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post #12 of 29 Old 08-02-2011, 10:37 AM
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I think Allison and Mls have good points. The fact that they are all picking this up and biting very aggressively stinks of something greater going on then hand feeding treats.

Unless you have a bunch of ultra dominant horses that have issues with respect I can't imagine they would become that aggressive just because someone gave them a couple of treats.
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post #13 of 29 Old 08-02-2011, 10:41 AM
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Quote:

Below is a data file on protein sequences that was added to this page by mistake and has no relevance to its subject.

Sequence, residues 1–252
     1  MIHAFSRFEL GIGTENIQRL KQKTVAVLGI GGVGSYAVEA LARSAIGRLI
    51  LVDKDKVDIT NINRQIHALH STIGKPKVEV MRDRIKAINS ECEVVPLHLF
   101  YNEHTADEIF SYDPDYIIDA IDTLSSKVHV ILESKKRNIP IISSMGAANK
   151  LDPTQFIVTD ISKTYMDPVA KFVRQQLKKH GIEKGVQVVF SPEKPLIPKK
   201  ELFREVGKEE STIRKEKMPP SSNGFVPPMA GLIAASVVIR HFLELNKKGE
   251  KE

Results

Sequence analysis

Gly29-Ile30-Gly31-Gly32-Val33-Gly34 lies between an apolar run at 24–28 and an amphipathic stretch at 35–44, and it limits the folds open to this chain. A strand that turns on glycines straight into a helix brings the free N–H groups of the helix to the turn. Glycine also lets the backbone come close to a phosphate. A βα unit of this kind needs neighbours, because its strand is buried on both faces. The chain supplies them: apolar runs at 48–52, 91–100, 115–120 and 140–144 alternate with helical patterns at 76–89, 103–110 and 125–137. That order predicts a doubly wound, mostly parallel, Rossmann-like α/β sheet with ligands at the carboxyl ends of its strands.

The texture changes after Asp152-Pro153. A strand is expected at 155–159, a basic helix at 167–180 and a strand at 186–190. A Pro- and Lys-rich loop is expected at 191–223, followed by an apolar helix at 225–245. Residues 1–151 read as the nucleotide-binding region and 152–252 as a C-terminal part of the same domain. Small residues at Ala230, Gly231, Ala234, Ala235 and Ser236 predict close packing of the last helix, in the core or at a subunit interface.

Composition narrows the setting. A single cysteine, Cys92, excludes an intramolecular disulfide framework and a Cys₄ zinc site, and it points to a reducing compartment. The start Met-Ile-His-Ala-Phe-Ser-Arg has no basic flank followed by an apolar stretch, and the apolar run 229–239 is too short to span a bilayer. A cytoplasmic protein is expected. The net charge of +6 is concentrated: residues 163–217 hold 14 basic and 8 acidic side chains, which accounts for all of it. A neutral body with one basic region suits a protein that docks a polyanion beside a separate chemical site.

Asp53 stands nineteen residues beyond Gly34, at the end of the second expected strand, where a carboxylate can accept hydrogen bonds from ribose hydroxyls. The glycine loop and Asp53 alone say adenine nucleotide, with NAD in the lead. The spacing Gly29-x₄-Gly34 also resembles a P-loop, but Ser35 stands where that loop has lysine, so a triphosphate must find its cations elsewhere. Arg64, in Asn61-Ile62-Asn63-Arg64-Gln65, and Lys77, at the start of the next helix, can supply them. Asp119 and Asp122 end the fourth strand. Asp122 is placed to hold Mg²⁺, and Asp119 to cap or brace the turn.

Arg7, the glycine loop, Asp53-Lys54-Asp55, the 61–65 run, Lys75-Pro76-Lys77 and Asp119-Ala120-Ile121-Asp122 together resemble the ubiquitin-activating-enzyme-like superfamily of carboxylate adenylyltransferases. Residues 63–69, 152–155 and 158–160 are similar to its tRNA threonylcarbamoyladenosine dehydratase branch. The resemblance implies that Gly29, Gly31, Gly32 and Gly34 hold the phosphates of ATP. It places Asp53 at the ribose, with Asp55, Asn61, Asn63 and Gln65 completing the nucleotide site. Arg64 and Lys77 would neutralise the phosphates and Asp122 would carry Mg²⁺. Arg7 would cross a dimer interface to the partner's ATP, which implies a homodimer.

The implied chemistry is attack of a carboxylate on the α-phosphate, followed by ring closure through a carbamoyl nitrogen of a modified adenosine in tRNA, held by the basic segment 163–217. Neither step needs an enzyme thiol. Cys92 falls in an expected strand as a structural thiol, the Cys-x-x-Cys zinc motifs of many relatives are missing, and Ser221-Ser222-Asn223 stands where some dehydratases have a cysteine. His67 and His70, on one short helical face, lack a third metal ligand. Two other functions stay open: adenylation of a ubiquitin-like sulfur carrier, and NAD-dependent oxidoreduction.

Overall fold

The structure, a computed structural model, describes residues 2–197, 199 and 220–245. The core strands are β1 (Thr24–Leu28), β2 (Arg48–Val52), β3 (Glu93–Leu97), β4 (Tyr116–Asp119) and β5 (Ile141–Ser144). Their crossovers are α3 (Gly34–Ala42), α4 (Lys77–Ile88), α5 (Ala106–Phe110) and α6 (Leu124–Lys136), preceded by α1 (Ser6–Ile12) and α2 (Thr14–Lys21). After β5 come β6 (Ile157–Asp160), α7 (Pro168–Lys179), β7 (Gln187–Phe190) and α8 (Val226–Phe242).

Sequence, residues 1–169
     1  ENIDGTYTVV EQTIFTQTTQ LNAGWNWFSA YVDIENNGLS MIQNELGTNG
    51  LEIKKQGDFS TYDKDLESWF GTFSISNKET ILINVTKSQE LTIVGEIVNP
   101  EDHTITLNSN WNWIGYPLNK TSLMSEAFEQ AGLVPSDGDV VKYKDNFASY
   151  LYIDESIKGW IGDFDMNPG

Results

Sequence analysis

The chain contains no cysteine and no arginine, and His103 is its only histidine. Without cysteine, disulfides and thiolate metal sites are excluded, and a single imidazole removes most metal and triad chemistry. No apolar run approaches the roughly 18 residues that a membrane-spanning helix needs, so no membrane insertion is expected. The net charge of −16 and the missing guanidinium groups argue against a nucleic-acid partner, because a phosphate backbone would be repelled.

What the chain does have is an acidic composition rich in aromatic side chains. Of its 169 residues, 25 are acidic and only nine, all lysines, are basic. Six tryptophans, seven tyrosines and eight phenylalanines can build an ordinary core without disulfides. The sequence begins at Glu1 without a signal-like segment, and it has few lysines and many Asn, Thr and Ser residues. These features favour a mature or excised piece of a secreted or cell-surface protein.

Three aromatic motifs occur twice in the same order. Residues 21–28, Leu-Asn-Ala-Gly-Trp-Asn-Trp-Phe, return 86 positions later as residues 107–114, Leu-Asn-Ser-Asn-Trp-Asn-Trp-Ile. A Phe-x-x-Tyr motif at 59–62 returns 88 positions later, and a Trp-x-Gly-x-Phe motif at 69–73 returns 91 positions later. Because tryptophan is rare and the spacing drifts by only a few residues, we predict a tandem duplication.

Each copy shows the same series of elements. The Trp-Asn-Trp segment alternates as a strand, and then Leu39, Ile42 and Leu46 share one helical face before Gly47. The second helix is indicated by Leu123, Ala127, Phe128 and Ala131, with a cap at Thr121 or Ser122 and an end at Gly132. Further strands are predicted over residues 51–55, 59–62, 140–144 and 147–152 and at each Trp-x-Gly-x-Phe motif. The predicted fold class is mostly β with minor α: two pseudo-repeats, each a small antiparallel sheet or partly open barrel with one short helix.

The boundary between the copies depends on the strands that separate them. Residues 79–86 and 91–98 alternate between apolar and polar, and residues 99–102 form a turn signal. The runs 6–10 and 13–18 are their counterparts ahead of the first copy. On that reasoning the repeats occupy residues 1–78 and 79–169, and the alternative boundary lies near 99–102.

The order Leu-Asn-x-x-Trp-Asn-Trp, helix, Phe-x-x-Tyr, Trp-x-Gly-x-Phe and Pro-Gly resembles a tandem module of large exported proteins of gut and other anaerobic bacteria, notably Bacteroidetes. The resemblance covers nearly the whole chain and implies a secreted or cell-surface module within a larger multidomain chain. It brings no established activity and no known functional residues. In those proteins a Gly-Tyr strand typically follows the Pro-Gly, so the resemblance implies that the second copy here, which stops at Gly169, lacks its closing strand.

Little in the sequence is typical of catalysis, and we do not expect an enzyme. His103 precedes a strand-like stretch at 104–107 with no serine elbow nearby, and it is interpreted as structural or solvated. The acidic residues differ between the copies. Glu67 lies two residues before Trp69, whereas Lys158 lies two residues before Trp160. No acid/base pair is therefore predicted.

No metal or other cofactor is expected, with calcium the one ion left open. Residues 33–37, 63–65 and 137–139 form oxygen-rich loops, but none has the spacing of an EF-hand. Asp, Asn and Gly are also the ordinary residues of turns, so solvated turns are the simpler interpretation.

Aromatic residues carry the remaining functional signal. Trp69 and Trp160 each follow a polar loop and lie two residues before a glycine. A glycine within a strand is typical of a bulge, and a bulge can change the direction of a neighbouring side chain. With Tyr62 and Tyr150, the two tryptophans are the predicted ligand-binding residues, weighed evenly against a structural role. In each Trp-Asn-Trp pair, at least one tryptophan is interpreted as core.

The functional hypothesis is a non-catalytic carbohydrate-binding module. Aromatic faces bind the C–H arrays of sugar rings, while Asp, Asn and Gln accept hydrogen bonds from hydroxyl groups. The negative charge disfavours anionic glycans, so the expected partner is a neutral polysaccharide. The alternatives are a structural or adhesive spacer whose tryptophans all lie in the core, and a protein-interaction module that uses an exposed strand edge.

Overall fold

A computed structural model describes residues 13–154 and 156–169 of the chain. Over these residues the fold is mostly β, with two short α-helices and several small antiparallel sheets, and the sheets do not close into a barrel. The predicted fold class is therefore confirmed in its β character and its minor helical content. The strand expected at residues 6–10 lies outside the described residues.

Originally Posted by trailhorserider View Post
I think people get confused about a horse that accidentially nips your skin when getting a treat and actually biting. Biting has aggressive intent (which it sounds like what is going on in this case) and nipping your palm or finger when taking a treat is an accident with a horse that doesn't know how to take food from your hand.
In my world it is never OK for my horse to lay teeth on me.
The mouth that can pick through grain and level the tiny supplement pellets in the feed bin knows very well where my hand ends and their treat begins.

Hand feeding being OK or not OK really depends on the horse. Some horses do fine with it. Some horses do not.
I am glad yours are OK with it, that does not mean every other horse is.

Quote:
Originally Posted by MN Tigerstripes View Post
I think Allison and Mls have good points. The fact that they are all picking this up and biting very aggressively stinks of something greater going on then hand feeding treats.